Consensual Citizenship

The customary division of national laws of citizenship into the "principles" of jus soli (place of birth) or jus sanguinis (line of descent) denotes the objective criteria most often used to determine one's citizenship. But the conceptions of political membership that have vied for supremacy in Anglo- American law implicate a different, more fundamental dichotomy—one between the rival principles of ascription and consent. These principles reflect quite distinct understandings of the origins, nature, and obligations of political communities, and each promotes certain values that Anglo-American legislators and judges have embraced at different times and often simultaneously. At least since the 18th century, Anglo-American law has embodied compromise doctrines that combine certain features drawn from each conception in the hope of producing pragmatic satisfaction, if not theoretical coherence. As we shall see, however, the two principles are not so easily blended.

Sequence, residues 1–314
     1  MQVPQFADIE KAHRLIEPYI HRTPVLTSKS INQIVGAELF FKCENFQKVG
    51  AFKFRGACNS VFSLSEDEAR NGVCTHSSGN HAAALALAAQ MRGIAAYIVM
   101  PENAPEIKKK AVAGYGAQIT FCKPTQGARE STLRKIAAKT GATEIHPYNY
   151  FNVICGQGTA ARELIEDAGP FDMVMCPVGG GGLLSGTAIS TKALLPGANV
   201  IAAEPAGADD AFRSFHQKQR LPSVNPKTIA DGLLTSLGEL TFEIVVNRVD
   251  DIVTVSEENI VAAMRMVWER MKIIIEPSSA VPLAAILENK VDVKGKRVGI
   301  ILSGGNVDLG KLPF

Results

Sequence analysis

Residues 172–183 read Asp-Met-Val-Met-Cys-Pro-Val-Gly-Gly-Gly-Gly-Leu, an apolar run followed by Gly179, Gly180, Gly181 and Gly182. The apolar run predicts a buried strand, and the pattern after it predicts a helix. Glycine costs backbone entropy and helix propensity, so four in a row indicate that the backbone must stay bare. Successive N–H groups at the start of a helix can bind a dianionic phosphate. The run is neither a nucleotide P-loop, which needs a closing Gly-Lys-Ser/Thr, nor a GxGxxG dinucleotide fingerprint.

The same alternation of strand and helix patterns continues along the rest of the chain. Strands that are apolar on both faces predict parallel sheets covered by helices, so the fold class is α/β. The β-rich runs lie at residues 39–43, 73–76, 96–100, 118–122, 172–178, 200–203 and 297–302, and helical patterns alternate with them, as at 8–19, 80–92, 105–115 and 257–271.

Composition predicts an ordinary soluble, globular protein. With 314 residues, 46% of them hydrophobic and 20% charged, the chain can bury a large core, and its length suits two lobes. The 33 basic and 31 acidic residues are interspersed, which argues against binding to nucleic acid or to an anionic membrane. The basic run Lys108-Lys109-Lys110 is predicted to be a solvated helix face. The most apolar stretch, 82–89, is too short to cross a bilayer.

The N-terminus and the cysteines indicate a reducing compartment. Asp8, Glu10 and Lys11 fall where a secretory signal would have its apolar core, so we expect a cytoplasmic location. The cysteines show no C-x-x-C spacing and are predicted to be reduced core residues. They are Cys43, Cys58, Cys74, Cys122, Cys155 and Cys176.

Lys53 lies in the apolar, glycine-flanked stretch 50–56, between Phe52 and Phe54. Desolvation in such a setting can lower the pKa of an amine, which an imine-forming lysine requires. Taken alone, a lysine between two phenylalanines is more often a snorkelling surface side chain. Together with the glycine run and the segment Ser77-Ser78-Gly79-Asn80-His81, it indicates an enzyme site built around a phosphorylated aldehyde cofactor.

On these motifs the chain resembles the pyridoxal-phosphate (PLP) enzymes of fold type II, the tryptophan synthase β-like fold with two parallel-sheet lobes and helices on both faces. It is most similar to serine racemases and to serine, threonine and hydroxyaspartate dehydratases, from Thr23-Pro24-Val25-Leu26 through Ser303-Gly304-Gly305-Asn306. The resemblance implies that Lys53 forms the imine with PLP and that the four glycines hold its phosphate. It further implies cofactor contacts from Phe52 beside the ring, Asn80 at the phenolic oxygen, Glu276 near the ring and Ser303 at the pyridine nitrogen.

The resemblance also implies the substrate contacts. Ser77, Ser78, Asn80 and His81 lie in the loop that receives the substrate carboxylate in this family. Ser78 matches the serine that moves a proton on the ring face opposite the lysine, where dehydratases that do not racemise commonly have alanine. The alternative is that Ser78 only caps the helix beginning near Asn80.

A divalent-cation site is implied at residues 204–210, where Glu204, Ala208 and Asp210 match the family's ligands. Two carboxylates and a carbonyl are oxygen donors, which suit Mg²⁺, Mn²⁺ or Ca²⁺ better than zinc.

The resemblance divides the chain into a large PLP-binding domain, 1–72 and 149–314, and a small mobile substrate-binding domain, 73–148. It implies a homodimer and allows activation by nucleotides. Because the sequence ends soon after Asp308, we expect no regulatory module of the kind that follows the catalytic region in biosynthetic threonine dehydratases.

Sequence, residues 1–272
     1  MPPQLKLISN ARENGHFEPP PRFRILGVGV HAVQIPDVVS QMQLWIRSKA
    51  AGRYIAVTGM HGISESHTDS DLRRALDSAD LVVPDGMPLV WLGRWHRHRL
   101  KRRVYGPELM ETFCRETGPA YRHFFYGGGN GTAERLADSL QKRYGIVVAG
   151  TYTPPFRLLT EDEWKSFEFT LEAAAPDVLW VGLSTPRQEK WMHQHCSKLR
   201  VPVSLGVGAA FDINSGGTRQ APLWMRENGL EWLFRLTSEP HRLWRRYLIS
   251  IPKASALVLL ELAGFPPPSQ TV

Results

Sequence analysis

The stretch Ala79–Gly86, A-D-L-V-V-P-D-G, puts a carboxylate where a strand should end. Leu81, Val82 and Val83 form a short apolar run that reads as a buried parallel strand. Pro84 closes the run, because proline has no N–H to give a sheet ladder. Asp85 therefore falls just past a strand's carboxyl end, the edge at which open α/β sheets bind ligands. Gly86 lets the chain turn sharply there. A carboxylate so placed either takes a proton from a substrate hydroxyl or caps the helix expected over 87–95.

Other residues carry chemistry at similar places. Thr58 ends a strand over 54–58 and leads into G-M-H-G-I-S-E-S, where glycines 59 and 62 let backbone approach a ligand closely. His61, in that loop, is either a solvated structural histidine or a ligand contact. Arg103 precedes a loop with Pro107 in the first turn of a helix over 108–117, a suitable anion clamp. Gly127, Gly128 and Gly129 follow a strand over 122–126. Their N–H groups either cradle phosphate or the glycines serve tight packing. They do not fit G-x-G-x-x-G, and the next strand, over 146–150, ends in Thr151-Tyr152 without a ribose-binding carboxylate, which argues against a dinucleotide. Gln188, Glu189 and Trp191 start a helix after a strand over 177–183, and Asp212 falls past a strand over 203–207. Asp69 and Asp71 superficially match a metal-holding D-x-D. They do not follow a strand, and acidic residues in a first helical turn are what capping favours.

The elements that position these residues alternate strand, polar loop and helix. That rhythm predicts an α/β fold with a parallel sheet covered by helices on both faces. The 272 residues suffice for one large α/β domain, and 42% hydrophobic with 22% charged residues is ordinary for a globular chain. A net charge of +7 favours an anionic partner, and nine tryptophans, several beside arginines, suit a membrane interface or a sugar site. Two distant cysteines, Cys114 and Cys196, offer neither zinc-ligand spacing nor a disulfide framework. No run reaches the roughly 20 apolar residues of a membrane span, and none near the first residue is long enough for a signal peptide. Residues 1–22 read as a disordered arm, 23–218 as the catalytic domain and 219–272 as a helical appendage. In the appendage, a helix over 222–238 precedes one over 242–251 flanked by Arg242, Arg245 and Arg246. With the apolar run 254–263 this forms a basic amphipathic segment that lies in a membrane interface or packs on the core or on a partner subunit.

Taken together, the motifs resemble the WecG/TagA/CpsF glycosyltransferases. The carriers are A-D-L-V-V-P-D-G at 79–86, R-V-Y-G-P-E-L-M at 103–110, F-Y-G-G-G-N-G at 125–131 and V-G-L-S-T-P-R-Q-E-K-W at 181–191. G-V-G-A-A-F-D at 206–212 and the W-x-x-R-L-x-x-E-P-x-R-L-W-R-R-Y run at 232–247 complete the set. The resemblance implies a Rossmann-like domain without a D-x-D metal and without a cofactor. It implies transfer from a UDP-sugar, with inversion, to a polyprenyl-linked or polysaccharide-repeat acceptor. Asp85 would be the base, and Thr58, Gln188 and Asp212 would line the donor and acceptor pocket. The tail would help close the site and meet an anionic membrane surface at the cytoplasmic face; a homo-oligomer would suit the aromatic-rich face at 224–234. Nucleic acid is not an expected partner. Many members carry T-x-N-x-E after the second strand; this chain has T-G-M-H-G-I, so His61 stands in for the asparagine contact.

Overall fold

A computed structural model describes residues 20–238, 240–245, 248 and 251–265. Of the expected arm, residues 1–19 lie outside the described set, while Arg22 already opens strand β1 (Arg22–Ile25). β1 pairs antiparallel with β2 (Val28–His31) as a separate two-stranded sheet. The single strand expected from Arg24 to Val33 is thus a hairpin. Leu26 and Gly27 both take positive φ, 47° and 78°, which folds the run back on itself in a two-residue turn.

In its purest form, the principle of ascription holds that one's political membership is entirely and irrevocably determined by some objective circumstance—in this case, birth within a particular sovereign's allegiance or jurisdiction. According to this conception, human preferences do not affect political membership; only the natural, immutable circumstances of one's birth are considered relevant. The principle...

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